The Amazon Kindle 2 bursts onto the scene with impressive new features, but it's not alone. There are already plenty of e-readers on the market — and even more coming — each with its own abilities, shape and pricing. So how does the new Kindle stack up (ouch!) against its peers?
The Kindle 2, with its ultra-thinness and tight integration with Amazon's vast array of e-books, is going to be hard to beat. It also stands alone with its free 3G connectivity, something no other e-reader has, letting you order books from anywhere there's a Sprint wireless connection.
Hit Continue for a comparison of the Kindle 2 to its predecessor and its major competitors, then jump to the bottom to see a tabular comparison.
Sony Reader PRS-700 ($400)
Here's the Kindle 2's most worthy competitor. The touchscreen Reader has the same 6-inch screen size and 800 x 600 resolution, nearly identical weight, a touchscreen keyboard instead of the physical one of the Kindle, and the ability to handle a variety of document and graphics formats (unlike the Kindle's need for conversion). Sony gets clever with a couple of LED lights on each side of the screen for night reading (which diminish battery life).
Astak EZ Reader ($287)
This e-reader seems to be popping up everywhere, and it's known by many names, including the Hanlin V3 in Europe, IBook V3, Endless Ideas BeBook, WalkBook, and Papyre 6.1. Except for the lack of connectivity, its specs are similar to the Amazon Kindle 2, with the same 6-inch 800 x 600 screen. However, it handles a whole lot more document types and graphics with no need for conversion, and it costs $72 less. Astak teases us with promises of a 9.7-inch "flexi-screen" model "during the first six months of 2009."
iRex Digital Reader 1000S ($749)
Now we're getting fancy. Aimed at an upscale market, the pricey 1000S has a relatively huge 10.2-inch screen with considerably higher 1,280 x 1,024 resolution. For $110 more, you can get Bluetooth and Wi-Fi connectivity, or go bare-bones for $599 with the non-touchscreen iLiad "book edition." The 1000S is big, about the size of a piece of paper, but its main drawback is its weight, a hefty 20.1 ounces. Some hands-on reviewers have called its response "sluggish."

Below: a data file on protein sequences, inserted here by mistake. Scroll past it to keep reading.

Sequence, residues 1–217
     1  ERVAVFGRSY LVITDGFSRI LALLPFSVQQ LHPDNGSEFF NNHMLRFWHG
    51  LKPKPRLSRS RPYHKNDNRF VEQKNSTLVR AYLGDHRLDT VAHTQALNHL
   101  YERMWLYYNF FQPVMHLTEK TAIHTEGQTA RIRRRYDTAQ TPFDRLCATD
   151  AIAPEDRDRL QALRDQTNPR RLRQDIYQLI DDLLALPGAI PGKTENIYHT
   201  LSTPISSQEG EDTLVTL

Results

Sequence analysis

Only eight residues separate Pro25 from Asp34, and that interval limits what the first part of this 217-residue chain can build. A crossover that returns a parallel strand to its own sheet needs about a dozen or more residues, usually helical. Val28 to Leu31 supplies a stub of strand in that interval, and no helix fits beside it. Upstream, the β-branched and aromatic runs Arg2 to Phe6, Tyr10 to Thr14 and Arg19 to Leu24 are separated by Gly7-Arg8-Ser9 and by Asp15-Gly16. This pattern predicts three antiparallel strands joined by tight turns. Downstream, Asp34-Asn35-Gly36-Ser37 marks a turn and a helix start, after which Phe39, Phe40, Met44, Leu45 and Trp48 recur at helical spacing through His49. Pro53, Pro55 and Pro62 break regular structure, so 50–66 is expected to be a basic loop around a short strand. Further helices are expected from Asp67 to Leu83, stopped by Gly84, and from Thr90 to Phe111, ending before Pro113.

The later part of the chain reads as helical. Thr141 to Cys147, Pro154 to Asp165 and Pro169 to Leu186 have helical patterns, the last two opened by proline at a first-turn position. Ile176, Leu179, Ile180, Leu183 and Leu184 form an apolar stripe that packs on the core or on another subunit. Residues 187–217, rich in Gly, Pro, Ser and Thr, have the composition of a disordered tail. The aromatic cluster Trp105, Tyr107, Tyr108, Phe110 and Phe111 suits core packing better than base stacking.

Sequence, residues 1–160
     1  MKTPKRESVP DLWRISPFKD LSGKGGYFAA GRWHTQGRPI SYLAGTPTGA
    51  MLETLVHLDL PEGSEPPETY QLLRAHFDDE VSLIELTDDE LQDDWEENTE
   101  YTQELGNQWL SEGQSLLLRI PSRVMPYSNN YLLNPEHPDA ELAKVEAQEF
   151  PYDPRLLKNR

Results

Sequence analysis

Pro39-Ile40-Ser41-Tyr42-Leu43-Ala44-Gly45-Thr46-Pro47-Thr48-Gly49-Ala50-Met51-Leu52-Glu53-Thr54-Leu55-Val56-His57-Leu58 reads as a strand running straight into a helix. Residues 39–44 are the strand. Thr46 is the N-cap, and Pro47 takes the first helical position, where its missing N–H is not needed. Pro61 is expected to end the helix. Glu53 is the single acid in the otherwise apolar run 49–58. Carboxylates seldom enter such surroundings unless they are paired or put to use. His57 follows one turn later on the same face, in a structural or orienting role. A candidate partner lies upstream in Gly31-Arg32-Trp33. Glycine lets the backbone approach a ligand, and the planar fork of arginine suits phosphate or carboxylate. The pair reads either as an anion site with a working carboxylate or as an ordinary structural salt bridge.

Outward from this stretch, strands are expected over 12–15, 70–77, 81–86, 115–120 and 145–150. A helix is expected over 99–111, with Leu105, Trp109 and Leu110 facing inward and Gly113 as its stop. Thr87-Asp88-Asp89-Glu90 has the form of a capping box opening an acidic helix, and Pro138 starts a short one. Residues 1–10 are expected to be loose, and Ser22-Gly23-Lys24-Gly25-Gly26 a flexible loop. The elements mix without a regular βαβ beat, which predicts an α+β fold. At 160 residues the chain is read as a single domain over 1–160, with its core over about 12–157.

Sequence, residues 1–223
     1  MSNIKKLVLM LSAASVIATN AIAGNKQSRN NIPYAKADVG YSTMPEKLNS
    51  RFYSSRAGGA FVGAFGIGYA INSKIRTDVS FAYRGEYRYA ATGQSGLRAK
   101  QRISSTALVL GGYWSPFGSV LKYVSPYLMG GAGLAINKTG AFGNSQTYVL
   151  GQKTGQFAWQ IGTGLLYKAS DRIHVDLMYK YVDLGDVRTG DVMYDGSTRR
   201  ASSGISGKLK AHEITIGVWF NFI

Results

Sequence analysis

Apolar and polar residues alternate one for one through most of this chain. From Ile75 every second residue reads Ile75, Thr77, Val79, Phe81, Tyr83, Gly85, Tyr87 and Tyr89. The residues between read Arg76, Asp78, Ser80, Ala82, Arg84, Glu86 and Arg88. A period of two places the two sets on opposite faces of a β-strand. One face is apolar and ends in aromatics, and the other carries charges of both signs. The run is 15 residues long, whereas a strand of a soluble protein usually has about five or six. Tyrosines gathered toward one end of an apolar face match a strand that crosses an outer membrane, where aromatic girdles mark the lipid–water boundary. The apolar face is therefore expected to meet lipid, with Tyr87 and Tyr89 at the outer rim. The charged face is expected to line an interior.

Foxit eSlick ($259, or $229 for early buyers)
This one looks exactly the same as the $350 CyBook Gen3 and Astak Mentor, all the size of a medium paperback. It's using that familiar 6-inch 800 x 600 screen, and at 0.4 inches deep, it's almost as thin as the Kindle 2. The eSlick's low price is matched by its featherweight heft, just 6.4 ounces. Foxit says its first eSlick readers have sold out, with the next batch due mid-to-late April.
Plastic Logic (no pricing announced yet)
This ultralight, all-plastic reader is just a prototype thus far, but it's looking good. Its touchscreen is the size of commonplace 8.5 x 11-inch piece of paper, and uses gestures to navigate from one page to the next. Able to read Microsoft Word, Excel and Adobe PDF files as well as newspapers, magazines and books, its makers claim it can display anything you can print. The company says it'll be shipping a few units later this year, but this e-reader won't be widely available until 2010. Also not mentioned yet: pricing, which could be steep with such advanced tech.
Amazon Kindle 1 ($359)
The Kindle 2 has 25% longer battery life, text-to-speech, is the thinnest reader on the market, is slightly lighter than its predecessor, and holds in its back pocket a formidable, if not devastating weapon: Amazon. The company offers more than 230,000 e-books for the Kindle 2, as well as numerous newspapers, magazines, and blogs — all downloadable anywhere. The downside? Those store-bought books are laden with DRM (digital rights management), preventing you from easily copying them anywhere else, and there's a clunky email-to-yourself routine for converting PDFs or other files.
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